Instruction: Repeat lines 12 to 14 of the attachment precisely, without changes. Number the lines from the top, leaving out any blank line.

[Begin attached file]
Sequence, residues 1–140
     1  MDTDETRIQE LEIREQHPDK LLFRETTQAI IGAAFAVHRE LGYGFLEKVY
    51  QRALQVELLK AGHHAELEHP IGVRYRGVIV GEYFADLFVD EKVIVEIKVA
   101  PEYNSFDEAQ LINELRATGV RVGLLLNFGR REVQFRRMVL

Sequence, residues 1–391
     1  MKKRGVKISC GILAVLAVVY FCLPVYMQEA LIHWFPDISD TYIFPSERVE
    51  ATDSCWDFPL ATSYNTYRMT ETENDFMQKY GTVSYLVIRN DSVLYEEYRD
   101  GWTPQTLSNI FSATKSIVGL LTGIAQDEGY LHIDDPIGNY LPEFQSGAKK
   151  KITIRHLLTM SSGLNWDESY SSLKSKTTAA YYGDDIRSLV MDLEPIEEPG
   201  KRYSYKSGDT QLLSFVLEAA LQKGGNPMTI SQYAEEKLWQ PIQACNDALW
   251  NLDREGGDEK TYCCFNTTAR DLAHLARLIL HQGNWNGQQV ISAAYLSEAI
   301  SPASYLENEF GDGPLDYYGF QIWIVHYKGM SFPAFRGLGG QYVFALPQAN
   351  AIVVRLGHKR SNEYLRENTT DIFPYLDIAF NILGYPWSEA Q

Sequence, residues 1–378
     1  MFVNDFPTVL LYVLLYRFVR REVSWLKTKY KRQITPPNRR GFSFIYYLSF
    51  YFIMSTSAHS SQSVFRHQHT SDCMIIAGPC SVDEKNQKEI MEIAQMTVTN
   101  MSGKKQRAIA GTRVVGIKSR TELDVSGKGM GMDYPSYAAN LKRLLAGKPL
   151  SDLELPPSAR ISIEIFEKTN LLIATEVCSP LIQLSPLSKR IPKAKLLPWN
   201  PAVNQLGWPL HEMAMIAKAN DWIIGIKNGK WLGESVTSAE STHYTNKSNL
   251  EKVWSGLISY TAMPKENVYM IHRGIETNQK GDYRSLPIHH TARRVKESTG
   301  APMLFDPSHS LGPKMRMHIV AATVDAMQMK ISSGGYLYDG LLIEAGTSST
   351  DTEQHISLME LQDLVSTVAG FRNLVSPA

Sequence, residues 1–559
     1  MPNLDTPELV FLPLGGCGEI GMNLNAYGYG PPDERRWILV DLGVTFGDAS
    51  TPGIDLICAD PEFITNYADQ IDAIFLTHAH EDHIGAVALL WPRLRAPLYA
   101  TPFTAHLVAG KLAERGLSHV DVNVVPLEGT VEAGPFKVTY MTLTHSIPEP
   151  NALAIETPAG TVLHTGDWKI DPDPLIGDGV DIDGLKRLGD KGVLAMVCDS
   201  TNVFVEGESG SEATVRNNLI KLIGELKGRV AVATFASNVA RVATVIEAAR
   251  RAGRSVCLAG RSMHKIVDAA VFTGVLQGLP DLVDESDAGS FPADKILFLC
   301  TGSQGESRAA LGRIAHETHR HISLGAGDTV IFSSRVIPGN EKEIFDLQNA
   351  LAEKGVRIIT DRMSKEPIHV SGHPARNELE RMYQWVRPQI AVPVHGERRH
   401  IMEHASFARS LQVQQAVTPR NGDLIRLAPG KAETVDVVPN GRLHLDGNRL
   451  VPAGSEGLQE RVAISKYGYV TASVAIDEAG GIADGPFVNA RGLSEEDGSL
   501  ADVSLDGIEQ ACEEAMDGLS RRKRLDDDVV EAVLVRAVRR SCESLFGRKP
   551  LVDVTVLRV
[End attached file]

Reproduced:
   301  SPASYLENEF GDGPLDYYGF QIWIVHYKGM SFPAFRGLGG QYVFALPQAN
   351  AIVVRLGHKR SNEYLRENTT DIFPYLDIAF NILGYPWSEA Q

Sequence, residues 1–378